House of Cards = Boss
SIMILARITIES: Scheming political leader values power above all else, and fabricates stories about other politicians who do not serve his needs, in order to secure his own choices firmly in place in those positions. Newspaper reporters are fed stories by the politicos, and argue amongst themselves about the legitimacy of what they intend to print. A young female reporter becomes the flavor of the month, much to the chagrin of a slightly older female reporter who has paid her dues for much longer. Also, Robin Wright = Connie Nielsen. Sexy, strong middle-aged blonde wife of the lead character, who pursues her pet projects thanks to the name recognition and power afforded her by her husband; she may have somewhat questionable morals herself, and often feels shut out by her spouse, but when it comes down to it, is completely supportive of him.

House of Cards = House of Lies
SIMILARITIES: Firebrand hotshot works the system to get his way. Is the go-to guy when things need to get done, and he doesn’t care if he has to bend the rules to make it happen. Frequently breaks the 4th wall and talks directly to camera, letting the viewer in on the secrets of his business, and his keen insights on the people he deals with day-to-day.

There were a lot more moments in House of Cards that were extremely reminiscent of these other two shows (especially Boss), even down to some very similar scenes. But, all that having been said, I do count myself as a huge fan of Spacey (and of many of the other actors in this show), so I’m hoping it eventually carves out its own niche in the television landscape as it progresses.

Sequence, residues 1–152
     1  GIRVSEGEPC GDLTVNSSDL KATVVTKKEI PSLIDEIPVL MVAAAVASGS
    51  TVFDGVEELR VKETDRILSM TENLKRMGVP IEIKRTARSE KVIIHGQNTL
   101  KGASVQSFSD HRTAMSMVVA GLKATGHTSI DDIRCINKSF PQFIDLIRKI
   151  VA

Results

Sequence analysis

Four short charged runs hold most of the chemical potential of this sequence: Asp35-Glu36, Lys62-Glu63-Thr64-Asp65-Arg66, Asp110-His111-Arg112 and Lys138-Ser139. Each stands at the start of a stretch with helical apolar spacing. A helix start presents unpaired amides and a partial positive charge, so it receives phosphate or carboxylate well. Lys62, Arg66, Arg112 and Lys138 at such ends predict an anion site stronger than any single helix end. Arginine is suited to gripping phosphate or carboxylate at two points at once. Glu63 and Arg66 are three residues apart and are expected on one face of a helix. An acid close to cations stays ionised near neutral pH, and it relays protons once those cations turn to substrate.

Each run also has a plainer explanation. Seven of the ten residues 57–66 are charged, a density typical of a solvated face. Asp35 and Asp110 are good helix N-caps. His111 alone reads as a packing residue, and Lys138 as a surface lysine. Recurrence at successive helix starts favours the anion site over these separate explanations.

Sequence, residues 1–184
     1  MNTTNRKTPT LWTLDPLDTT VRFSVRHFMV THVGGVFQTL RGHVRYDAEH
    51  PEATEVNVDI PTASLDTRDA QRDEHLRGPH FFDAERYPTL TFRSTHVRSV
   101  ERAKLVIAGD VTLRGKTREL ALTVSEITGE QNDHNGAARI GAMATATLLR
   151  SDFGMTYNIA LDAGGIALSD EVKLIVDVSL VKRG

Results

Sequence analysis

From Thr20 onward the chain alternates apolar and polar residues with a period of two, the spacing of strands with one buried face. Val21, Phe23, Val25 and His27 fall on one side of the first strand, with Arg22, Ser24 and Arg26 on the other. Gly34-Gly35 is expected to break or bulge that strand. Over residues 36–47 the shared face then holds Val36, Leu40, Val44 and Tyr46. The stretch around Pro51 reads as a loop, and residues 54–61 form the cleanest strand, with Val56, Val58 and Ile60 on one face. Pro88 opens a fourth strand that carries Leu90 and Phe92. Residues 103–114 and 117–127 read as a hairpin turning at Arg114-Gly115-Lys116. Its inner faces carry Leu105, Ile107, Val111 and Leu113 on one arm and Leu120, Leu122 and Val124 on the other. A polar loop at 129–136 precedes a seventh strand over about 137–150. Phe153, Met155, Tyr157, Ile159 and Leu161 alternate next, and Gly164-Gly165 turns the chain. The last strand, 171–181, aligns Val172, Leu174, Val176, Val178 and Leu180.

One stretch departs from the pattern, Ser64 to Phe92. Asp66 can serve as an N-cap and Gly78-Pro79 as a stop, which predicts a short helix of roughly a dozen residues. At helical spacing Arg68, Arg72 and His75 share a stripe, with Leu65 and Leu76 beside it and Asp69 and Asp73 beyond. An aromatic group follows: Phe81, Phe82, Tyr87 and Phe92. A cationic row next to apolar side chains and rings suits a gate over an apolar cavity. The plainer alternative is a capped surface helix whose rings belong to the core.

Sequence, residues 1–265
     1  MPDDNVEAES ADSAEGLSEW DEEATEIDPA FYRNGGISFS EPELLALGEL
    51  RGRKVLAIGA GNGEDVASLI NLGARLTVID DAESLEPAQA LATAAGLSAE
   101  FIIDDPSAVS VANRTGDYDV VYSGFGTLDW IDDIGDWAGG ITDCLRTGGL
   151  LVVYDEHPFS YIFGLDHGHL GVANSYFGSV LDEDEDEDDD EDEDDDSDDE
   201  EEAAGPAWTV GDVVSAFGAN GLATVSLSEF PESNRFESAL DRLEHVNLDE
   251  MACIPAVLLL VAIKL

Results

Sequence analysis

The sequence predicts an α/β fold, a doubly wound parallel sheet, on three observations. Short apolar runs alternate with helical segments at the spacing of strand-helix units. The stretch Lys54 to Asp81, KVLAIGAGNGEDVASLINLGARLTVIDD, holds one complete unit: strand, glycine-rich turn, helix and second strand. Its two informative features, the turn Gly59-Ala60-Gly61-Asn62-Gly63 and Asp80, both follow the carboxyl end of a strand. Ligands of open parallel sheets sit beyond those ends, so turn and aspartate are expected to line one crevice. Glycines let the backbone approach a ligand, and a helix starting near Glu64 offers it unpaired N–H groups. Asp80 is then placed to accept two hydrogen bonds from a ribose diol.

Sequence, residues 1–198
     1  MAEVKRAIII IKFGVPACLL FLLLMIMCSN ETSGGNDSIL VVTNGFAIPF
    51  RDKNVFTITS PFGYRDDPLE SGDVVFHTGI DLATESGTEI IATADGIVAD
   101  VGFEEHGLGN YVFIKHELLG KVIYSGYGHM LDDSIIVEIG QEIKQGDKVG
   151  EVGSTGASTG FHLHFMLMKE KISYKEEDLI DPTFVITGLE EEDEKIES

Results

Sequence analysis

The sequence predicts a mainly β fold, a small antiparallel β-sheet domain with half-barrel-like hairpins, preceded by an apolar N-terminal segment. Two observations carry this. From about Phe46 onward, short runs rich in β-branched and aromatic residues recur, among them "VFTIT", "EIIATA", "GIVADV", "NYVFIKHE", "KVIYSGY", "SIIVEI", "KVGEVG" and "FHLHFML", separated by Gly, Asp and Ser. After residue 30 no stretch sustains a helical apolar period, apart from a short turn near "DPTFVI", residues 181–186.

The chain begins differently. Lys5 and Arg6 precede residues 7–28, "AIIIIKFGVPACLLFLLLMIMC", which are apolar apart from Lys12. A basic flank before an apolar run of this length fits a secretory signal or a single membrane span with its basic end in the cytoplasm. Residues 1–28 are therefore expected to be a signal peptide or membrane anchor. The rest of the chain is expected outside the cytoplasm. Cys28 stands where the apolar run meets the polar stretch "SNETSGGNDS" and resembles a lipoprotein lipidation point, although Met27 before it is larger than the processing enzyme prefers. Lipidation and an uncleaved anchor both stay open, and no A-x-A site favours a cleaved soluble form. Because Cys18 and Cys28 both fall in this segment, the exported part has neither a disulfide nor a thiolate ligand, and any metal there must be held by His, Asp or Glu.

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My Thoughts On The 2013 Oscars

by DJ on February 25th, 2013 at 2:02pm

2013 Oscar Winners
Okay, let’s get the Seth stuff out of the way first — and allow me to set the stage for what I’m about to say here: I follow Seth MacFarlane on Twitter, and I watch Family Guy every week. For me, his humor quotient displayed on both media is hit-or-miss… while I find lots of his tweets and many moments of FG laugh-out-loud funny, slightly less than half of the time I’m just not amused at all. But that’s okay — as far as I’m concerned, the funny bits more than make up for the tweets/episodes that don’t do anything for me. Thus, I didn’t come into last night’s Oscars as either a knee-jerk Seth hater, nor as a he-can’t-do-anything-wrong Seth apologist. I had, I thought, an open mind about his prospects, as I sat down to watch. And indeed, in the first 2 or 3 minutes, I started to get quite optimistic about what kind of host he would be for the show. Then, things got a bit off-track. Then even more off-track. It seemed to me that Seth MacFarlane couldn’t decide what kind of host to be, and so, vacillating between opposing poles (but never really embracing either end of the spectrum), he came off to me as simply bland. The comedy was also off, overall. Jabs at the industry are to be expected from any Oscar host, but there’s a fine line, which is easily crossed. Many of his jokes came off as mean-spirited (like the one which ostensibly was aimed at Rex Reed, but at its core was making fun of Adele for being overweight). I think a good rule of thumb for anyone asked to emcee this event is, “Can you imagine Johnny Carson telling these exact jokes?” Johnny poked fun at nearly everyone, but in such a gently teasing way that it was nearly impossible for the butt of the joke to take offense. Johnny, after all, might have to look that person in the eye one day and interview them on his show. Seth’s humor last night was more in the vein of Howard Stern than Johnny Carson. But, Oscar host is admittedly one of the toughest showbiz gigs there is, and Seth MacFarlane was far from the worst. There were, in fact, moments where you could see a pretty decent host shining through the facade. So, while I won’t be upset if he doesn’t host again, it was surely far better than the Franco/Hathaway debacle.